Talking Points: Bruins 'deserved better' in second period


Talking Points: Bruins 'deserved better' in second period

GOLD STAR: A 39-save effort from Ducks goaltender John Gibson was one of the big difference-makers in the game. He made a sweet, spinning double-stack pad save on a Riley Nash bid in the second period, and then stoned Nash on a breakaway in the third period as well while infuriating the Bruins attackers. On the other hand, the Bruins didn’t consistently get traffic to the front of the Anaheim net and really settled for the perimeter for the most part, and that was a big factor in the season-high 41 shots on net for the Black and Gold. Still, the Bruins had some good chances when it was still a close game in the first couple of periods, and Gibson was up to the task in holding back the Boston offense.

BLACK EYE: The Bruins actually played a decent game all things considered, but a mental mistake for Zdeno Chara definitely hurt their cause in the second period. Chara was whistled on a delayed penalty call on a Corey Perry drive to the net, and then took a look at the official behind the net while play was still ongoing. Josh Manson took advantage of that split-second of distraction from the Bruins captain, and threw a centering pass off his skate that ricocheted past Tuukka Rask for Anaheim’s go-ahead goal. Chara finished a minus-3 at 25:33 of ice time in the loss, and the Bruins are going to be hard-pressed to win many games when their top defenseman is on the ice for that many goals against. The overall performance plus allowing himself to get distracted for Anaheim’s second goal were both big-time negative factors for Boston.

TURNING POINT: The Bruins outshot the Ducks by a 15-3 margin and dominated for nearly the entire period, but they still watched Anaheim score a pair of goals on the three shots. It was a couple of tough breaks for a Bruins team that really did play well over the course of the period, but that’s all small consolation for a team riding a four-game losing streak where it could get a lot worse before it gets better. The Bruins need better results when they actually play well, and that was the disheartening part of Wednesday night.

HONORABLE MENTION: Give Noel Acciari a ton of credit for suiting up under difficult circumstances and playing a great game. Acciari scored a rebound goal at the end of the third period, had a couple of shots on net in his 16 plus minutes of ice time and finished with a game-high 10 registered hits. The goal was Acciari’s first score of the season after beginning to generate his own offense at the end of last year. Acciari also blocked three shots and did everything you could hope for from an energy forward that’s just a couple of games removed from a badly broken finger. Acciari played with heart, emotion and energy. You’d expect nothing less from the ultra-competitive kid from Rhode Island.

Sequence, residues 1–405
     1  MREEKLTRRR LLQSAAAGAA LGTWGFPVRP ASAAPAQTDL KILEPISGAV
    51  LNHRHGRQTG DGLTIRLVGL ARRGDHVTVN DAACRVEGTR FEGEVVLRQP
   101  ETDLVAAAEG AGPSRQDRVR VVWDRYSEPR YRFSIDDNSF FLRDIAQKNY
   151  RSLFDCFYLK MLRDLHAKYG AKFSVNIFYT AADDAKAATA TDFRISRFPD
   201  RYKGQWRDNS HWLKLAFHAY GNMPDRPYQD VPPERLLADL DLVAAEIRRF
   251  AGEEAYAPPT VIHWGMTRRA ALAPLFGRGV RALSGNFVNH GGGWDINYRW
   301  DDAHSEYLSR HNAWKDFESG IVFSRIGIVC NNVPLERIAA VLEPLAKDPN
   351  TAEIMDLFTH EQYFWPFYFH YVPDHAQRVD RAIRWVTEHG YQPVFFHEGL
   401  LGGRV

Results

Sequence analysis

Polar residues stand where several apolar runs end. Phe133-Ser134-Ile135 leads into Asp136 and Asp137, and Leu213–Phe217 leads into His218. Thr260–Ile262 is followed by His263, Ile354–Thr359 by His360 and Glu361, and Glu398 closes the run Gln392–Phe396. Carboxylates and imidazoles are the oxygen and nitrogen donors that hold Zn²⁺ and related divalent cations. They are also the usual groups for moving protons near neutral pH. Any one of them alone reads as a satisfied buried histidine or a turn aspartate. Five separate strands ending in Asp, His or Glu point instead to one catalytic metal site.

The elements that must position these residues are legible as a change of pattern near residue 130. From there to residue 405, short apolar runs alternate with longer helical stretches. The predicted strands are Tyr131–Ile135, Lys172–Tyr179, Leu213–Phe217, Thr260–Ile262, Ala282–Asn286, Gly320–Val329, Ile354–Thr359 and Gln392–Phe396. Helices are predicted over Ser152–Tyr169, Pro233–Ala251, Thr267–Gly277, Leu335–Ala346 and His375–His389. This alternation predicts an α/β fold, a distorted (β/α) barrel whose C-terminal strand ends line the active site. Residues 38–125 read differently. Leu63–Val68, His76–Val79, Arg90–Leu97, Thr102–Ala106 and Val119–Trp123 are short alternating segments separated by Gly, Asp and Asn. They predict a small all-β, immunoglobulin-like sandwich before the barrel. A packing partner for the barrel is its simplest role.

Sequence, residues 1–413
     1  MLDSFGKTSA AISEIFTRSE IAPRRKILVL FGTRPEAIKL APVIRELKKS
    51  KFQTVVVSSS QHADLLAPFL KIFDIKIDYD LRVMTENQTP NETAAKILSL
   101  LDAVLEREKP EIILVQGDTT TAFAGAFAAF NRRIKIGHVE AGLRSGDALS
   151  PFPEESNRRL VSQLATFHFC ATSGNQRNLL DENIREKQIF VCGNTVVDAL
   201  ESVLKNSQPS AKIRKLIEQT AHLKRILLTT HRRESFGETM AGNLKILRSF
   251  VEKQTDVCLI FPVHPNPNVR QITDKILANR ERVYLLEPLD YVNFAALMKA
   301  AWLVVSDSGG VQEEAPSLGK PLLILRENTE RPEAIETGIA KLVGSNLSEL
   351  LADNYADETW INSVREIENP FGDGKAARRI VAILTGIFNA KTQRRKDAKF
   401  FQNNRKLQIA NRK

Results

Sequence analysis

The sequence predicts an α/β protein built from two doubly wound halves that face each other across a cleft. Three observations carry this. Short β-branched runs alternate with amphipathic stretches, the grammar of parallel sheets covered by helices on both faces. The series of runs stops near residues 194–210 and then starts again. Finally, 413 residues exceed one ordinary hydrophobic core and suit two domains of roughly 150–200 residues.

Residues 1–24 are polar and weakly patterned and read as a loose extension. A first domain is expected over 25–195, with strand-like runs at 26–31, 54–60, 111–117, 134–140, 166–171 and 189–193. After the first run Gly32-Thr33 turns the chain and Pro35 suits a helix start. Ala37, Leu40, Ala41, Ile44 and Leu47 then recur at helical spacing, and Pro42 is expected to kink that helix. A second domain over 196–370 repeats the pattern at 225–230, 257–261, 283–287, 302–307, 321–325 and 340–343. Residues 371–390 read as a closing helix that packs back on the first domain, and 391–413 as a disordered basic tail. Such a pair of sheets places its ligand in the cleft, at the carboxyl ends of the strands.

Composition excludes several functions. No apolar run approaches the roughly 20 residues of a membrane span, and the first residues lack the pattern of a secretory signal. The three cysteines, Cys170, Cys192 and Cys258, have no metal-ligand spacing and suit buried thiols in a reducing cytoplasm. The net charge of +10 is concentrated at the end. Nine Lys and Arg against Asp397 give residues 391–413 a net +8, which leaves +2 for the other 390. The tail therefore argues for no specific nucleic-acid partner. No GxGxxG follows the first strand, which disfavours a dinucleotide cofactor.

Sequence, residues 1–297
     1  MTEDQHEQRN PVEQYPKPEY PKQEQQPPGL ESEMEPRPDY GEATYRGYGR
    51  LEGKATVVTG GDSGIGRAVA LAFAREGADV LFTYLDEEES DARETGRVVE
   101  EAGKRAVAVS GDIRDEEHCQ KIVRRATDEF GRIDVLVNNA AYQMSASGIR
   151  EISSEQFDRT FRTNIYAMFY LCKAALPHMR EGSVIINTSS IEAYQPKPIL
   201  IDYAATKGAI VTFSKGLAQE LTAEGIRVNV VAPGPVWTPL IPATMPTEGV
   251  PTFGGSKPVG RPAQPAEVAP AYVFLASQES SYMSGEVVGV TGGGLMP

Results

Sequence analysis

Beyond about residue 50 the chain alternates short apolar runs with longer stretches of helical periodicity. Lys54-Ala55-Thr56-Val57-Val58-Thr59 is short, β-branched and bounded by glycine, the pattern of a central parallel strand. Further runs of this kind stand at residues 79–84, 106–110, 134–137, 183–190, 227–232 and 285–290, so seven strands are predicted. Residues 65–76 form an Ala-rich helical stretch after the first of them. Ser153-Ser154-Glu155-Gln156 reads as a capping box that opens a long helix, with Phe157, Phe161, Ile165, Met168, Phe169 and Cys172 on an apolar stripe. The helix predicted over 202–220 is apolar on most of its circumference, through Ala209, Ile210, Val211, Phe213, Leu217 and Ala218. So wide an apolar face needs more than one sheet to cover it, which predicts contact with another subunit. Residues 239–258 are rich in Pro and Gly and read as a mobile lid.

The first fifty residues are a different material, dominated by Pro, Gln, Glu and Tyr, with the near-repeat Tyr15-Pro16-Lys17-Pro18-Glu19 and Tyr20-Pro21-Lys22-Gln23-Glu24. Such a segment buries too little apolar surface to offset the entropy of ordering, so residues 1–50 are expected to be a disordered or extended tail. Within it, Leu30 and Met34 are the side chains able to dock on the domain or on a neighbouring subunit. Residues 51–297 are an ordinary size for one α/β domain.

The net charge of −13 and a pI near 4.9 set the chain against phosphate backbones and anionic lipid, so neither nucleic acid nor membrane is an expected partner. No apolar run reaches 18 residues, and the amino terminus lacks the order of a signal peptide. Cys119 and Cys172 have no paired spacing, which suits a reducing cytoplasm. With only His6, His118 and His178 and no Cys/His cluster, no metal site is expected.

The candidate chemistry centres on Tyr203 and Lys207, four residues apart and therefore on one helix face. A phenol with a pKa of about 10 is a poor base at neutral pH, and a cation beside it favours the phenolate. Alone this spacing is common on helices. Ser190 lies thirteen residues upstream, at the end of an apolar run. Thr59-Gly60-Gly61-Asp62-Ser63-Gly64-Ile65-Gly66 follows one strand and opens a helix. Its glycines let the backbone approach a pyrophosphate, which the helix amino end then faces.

BY THE NUMBERS: 4 – the season-high number of losses in a row for the Bruins as they face an uphill climb on this road trip through California with tough match-ups waiting for them in Los Angeles and San Jose.

QUOTE TO NOTE: “I thought our second period was excellent and we deserved better, but it didn’t work out for us.” – Bruins head coach Bruce Cassidy, on a middle 20 minutes where they outshot the Ducks 15-3 but were outscored by a 2-1 margin. 

A return "imminent" for McQuaid after two-month absence


A return "imminent" for McQuaid after two-month absence

BRIGHTON, Mass – It sounds like the toughness quotient might be going up quite a bit higher for the Bruins in the near future.

Adam McQuaid may be cleared to play as soon as Monday night against the Columbus Blue Jackets, or at least later on in the week if it doesn’t happen against the rough-and-tumble, Metro Division Blue Jackets. The 6-foot-5 hard-nosed defender has been out for nearly two months with a broken right fibula, but has been back skating with the Bruins for a couple of weeks.

“I don’t know if Monday he’ll be cleared, but he’s getting close. He’s practicing with us, so it’s imminent for him. I just don’t want to pinpoint an exact day,” said Cassidy of McQuaid, who was one of a handful of players along with Jake DeBrusk, Anders Bjork, Frank Vatrano, Paul Postma and Anton Khudobin that skated on Sunday at Warrior Ice Arena.